Write...or Die Trying

I used to work in a factory. Now I work in an office. Either way, my writing was dying. So now I must: Write...or Die Trying.



They keep bumping up the number of invitations I can give out if someone wants to try Google's Gmail.

My allotment of disk space is at 2.5 GB right now. It's still technically in beta, so there's hardly any advertising on it. I use all that disk space to archive my stories online for backup and so that I can easily get to them from anywhere.

If anyone wants to try out Gmail, then email me privately ( jon dot brisbin at gmail dot com) and I'll send an invite to you.

Input or Output

I spend a great deal of my day just absorbing information. A lot of times I don't turn around and put that knowledge into something. I just absorb it. Today was a good example.

Besides my Modern Fantasy class, in which we discussed Jospeh Campbell's mono-myth theory, how Christianity rests on a "weak" logcial premise, yada yada, I spent a goodly portion of the day trying to figure out how in the heck I had broken this program I'd written. I was trying to make it work better; improve it, so to speak. In the end, I actually accomplished my goal, but I broke several things inside it first. So I had to read and research and get more information so I could figure out why it was broken and how could I fix it.

I'm a self-taught programmer. By self-taught I mean I learn by propping something up I don't fully understand, watching it fall, changing it slightly, putting it back up again, watching it fall, changing it a little more, prop it back up again (still not fully understanding it), yada yada... They say the first sign of insanity is doing the same thing over and over again, but expecting a different result. I see.

In programming there are basically two pipes of communication: data coming in (called input) and data going out (called output, oddly enough.) My days normally consist of managing vast quantities of input, distilling it down, and producing a weensie-teensie bit of output. Programming is like that. You have to absorb so much information to produce a small thing that is then judged based on it's apparent, relative size, instead of its unwieldy actual, relative size--which doesn't compute with management, given the amount of time you said it would take and how much you said it would cost.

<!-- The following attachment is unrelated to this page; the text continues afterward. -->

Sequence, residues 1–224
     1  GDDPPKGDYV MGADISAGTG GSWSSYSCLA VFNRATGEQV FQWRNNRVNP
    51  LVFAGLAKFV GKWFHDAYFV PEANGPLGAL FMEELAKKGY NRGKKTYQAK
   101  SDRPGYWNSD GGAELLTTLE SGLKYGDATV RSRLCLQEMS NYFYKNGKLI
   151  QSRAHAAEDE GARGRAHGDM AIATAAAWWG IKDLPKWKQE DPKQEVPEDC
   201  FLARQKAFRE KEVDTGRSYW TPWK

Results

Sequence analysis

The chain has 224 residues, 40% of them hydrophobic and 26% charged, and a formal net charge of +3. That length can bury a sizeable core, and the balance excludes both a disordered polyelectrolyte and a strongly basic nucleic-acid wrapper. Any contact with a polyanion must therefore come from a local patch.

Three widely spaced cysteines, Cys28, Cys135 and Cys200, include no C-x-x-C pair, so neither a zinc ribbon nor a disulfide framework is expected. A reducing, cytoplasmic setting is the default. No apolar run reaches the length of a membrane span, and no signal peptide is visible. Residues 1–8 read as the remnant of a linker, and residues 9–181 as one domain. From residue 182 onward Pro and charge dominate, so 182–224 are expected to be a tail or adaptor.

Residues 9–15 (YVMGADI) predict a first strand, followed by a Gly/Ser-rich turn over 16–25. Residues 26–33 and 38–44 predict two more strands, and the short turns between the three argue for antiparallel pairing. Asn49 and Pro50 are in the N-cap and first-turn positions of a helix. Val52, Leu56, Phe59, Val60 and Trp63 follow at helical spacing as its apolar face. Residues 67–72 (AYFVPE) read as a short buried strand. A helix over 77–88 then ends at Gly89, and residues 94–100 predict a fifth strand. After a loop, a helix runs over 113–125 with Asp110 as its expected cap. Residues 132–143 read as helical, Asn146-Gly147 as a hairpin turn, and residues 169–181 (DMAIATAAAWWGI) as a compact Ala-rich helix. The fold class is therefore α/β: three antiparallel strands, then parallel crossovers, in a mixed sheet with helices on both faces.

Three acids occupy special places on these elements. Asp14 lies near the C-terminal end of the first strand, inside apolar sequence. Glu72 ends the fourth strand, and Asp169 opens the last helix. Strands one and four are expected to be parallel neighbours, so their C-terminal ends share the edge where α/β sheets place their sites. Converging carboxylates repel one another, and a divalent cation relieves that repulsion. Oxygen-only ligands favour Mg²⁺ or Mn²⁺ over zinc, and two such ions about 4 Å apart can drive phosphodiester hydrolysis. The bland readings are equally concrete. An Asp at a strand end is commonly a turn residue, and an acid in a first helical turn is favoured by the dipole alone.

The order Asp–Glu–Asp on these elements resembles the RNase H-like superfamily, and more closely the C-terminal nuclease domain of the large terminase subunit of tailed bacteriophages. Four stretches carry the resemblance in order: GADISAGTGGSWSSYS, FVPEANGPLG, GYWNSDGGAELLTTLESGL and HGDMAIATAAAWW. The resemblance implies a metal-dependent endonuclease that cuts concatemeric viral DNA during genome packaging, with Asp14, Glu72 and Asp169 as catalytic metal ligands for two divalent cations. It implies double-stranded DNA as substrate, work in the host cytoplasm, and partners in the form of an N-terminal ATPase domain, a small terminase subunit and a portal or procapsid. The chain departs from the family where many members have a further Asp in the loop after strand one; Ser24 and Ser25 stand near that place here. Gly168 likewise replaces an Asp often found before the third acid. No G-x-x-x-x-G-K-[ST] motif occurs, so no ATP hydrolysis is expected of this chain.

Writing is like that too, I'm finding out. Vast truckloads of input are being dumped into my brain every day--whether I want it or not. I have to sift through all that chaff for the wheat or the dirt for the worms. I have to manage this input or lose it. A good writer has to process so much more information than what they eventually output that the small apparent relative size of their output is often judged as not being enough; not quick enough; not "good" enough (God forbid.) But that's just part of writing. It's hours and days and years of input input input. Then a little blip. Output. Maybe there's some sort of rule someone can attach their name to that recognizes that: the larger the exponent between what the writer's input and her output, the better the fiction. The more I read and observe people the better my writing gets. I can't explain it, it just works.

Input input input input input input input input. Blip. Output.

More Search Terms

The referrers from search engines are a never-ending source of material for me. Here's a recent one:

"i'm getting dumber"

Quote from Joseph Pulitzer

You know how conversations wander from one topic to the next, until you've gone so far from your original topic that the trip there becomes more important than what you were discussing? That happened to me today. I found this quote by Joseph Pulitzer after googling the name "Nellie Bly," which my wife had heard on a show my kids were watching this afternoon:

"Every issue of the paper presents an opportunity and a duty to say something courageous and true; to rise above the mediocre and conventional; to say something that will command the respect of the intelligent, the educated, the independent part of the community; to rise above fear of partisanship and fear of popular prejudice. I would rather have one article a day of this sort; and these ten or twenty lines might readily represent a whole day's hard work in the way of concentrated, intense thinking and revision, polish of style, weighing of words."

Joseph Pulitzer, 1911

The Perfect Church

[From an email list I'm on, regarding frustrations with finding "the right church"]

> But those of you who are in a church, yet see many of the same things
> I also see, How do you deal with it?